This represents no dénouement. It does, though, conclude our current discourse on the miscalculation of innovator drugs versus generics in the U.S.
The simplified hypothesis is we must create a rational framework for patients and our innovative-drug industry – one facilitating the long-term distribution of the best original drugs to the most patients. In so doing, we will replace our current, hasty bait-and-switch to generics.
In this final installment, we instinctively turn back to the main focus of these pages: outsourcing tactics and strategies, and relationships with and the management of contract development and manufacturing organizations (CMOs/CDMOs).
What It Means For CDMOs
In our envisioned system, patent protection for commercial drugs are elongated, in return for some form of drug-price limitations within a (still) free-market environment; arrangements such as percentage of new-drug manufacturing guaranteed in the U.S.; percentages of profits reinvested into future R&D.
The goal is to stop force-feeding the U.S. patient cheaper generics, and keep them on the branded-innovator drug until a more effective one comes along.
Within that setting, your U.S.-based CDMOs will flourish, and expand their significance to development and manufacturing activities.
An increasingly diverse and growing mix of biotechs, specialty biopharma, and established pharma customers (i.e., our readers) will utilize CDMOs through long-term relationships to develop and supply the best-in-class drugs of the highest quality our industry can deliver.
Domestic CDMOs will further pursue – because customers will demand – continuous processing and quality improvements; modernization of instrumentation, equipment and facilities; and the hiring of the best scientists, engineers and project managers.
Sure, there will remain outsourcing of services and production based on one-off needs, simpler economic and tactical calculations (of capacity, core competencies, etc.).
But we won’t suffer the pursuit of cheap that today jeopardizes patient well-being, drives production offshore, stalls new technology investment in the U.S., and in the case of generics themselves, ironically inflicts drug-price gyrations and chronic drug shortages.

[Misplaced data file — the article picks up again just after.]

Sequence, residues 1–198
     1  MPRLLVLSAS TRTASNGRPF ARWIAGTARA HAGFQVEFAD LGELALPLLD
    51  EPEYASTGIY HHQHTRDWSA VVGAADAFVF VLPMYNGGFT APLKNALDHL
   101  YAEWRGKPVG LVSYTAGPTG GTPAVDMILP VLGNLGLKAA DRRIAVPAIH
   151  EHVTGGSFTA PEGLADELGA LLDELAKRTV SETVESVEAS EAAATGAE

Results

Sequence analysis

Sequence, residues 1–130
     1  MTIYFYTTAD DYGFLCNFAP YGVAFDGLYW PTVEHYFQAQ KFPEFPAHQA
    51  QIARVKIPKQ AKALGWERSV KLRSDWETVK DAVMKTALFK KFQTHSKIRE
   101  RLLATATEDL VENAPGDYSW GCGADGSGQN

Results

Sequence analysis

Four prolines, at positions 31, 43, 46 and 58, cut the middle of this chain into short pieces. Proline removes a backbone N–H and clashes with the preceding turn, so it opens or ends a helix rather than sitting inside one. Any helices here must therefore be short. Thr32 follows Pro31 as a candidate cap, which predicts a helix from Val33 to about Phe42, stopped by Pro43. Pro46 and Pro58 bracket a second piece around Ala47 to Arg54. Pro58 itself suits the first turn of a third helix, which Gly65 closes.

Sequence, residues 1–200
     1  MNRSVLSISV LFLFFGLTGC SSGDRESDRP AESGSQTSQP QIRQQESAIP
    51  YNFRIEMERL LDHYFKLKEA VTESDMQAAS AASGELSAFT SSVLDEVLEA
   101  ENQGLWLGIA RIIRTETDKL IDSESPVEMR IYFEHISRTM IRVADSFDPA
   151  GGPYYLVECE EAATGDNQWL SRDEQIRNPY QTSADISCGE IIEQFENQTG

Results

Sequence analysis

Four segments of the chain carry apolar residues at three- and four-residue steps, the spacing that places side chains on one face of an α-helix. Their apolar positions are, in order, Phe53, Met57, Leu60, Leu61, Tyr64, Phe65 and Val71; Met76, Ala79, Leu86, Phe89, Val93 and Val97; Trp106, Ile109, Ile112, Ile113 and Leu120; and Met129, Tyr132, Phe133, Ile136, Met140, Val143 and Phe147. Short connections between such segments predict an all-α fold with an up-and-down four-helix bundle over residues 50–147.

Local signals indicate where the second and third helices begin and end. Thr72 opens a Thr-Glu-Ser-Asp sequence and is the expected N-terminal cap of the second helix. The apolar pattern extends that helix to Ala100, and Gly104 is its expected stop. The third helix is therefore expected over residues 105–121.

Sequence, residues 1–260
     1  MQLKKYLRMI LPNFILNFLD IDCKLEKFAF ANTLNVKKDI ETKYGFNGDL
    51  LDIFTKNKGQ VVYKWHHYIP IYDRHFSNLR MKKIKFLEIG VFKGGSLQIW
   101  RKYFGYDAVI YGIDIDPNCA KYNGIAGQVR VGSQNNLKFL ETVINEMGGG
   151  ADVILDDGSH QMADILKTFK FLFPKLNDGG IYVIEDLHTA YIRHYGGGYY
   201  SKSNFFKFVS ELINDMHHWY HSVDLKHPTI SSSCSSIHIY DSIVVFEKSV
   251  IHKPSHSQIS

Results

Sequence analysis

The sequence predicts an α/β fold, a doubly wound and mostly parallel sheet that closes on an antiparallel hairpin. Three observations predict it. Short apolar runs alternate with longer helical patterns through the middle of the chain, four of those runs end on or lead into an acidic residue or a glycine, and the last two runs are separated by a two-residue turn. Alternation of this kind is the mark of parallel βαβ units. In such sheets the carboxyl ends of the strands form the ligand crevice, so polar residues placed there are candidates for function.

As much as any other segment, CDMOs understand the pain operating in this current system “where everything is negotiated down to the lowest dollar point as the goal.”
I’ve heard this from pharma professionals: “You can't be a successful biotech or pharma company and consider outsourcing to CDMOs as an auction. You’re just driving quality right out of existence. That’s what's happening with generics specifically.”
Can We Trust Pharma?
We started some weeks ago asking readers to consider: “At what price would innovative drugs have to be set, and in what system, to undermine the need for generic copies?”
We then proposed an outline of a potential system. But as much as questions of regulatory or other reliable enforcements, could we first work through questions of trust to start a process of design and implementation?
There was sound rationale for attempting something like Hatch-Waxman in the mid-1980s. There remain reasons today for institutional and public ire over business practices of some in our pharma industry. There remain bad actors – even a brand of rogue price-gougers.
Tone-deaf, shortsighted pharmaceutical companies have earned the industry a reputation at the lowest ends of all societal segments.
Skepticism, therefore, is a natural response. Any reader is forgiven for thinking there’s a certain naivety in our current proposition.